This is the situation on my previous outing up at Inglesham (I'd call this upper Thames!), where I was literally far banking a heavy stickfloat, and holding it back to catch roach. I could not control a waggler with the flow in the middle and weed still on the bottom, but previously would have stuck it out because 'thats the normal thing' and probably had a rubbish day as a result.

I had in my mind that for this season, I was going to experiment with heavier floats, and even in the summer when the river is hardly flowing, and I have had some great days on hemp and tares, sometimes with bulked shot rather than the textbook 'shirt button light shot'.

I bought a couple of complete sets of the DH sticks, the idea being to give me coverage for most eventuality. They are big, some of them are on 26cm winders, and are heavier than I've previously used, taking a lot of shot.

I am still very much a light lines, small hooks angler and I've no reason to change.
 

Jimpanzee

Regular member
Site Supporter
Joined
Oct 9, 2020
Messages
316
In the first half of the season the Thames is very steady flow wise so you can more or less just let it go at the flows pace with just the occasional bit of holding back so you don't need a very heavy float from that point of view. However whilst you don't need a particularly heavy float for hemp and bread fishing a bigger one is useful for maggot and caster as you need a fair bulk to get down through the bleak.

Second half of the season the bleak aren't a problem so you really do just tailor your float to the flow. The surface will be going quicker than the bottom so it's just a case of figuring out the pace it needs to be going through to match the loose feed. That is much easier to do when it's steady in the first half of the season than when it tends to be really pushing second half of the season especially as the fish are not as keen on chasing bait about in cold water as they are in warmer water!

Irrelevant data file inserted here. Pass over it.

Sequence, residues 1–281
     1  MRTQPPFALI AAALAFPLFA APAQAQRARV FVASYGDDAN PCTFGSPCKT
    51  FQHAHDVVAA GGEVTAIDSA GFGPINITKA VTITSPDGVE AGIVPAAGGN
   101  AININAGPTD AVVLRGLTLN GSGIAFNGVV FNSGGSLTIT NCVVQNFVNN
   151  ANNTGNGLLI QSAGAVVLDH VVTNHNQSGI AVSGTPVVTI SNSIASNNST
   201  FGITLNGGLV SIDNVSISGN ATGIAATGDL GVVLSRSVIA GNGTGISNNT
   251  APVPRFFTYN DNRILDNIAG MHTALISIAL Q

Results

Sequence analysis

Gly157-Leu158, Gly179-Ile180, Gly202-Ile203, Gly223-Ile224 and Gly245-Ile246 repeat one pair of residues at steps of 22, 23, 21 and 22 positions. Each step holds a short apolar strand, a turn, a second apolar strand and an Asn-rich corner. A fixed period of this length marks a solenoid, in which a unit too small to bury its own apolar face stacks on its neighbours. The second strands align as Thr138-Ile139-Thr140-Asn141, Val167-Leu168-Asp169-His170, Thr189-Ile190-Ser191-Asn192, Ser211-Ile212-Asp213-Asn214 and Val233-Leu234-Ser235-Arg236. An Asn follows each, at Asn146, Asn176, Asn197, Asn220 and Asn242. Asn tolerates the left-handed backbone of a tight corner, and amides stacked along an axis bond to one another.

I've been fishing with floats that are a little heavier that usual this season, and to be honest it doesn't seem to have been a bad thing.

Something that is possibly a result of lockdown and watching a lot of YouTube, is that I have really started thinking a lot more about my fishing.

For example, if I fished a heavier float, does that give me more control with where I want to fish it, keeping it on the line I want, and holding back where needed.

This is the situation on my previous outing up at Inglesham (I'd call this upper Thames!), where I was literally far banking a heavy stickfloat, and holding it back to catch roach. I could not control a waggler with the flow in the middle and weed still on the bottom, but previously would have stuck it out because 'thats the normal thing' and probably had a rubbish day as a result.

I had in my mind that for this season, I was going to experiment with heavier floats, and even in the summer when the river is hardly flowing, and I have had some great days on hemp and tares, sometimes with bulked shot rather than the textbook 'shirt button light shot'.

I bought a couple of complete sets of the DH sticks, the idea being to give me coverage for most eventuality. They are big, some of them are on 26cm winders, and are heavier than I've previously used, taking a lot of shot.

I am still very much a light lines, small hooks angler and I've no reason to change.
Many thanks both for your explanations. Both clear and concise. Really useful insight.
 
Top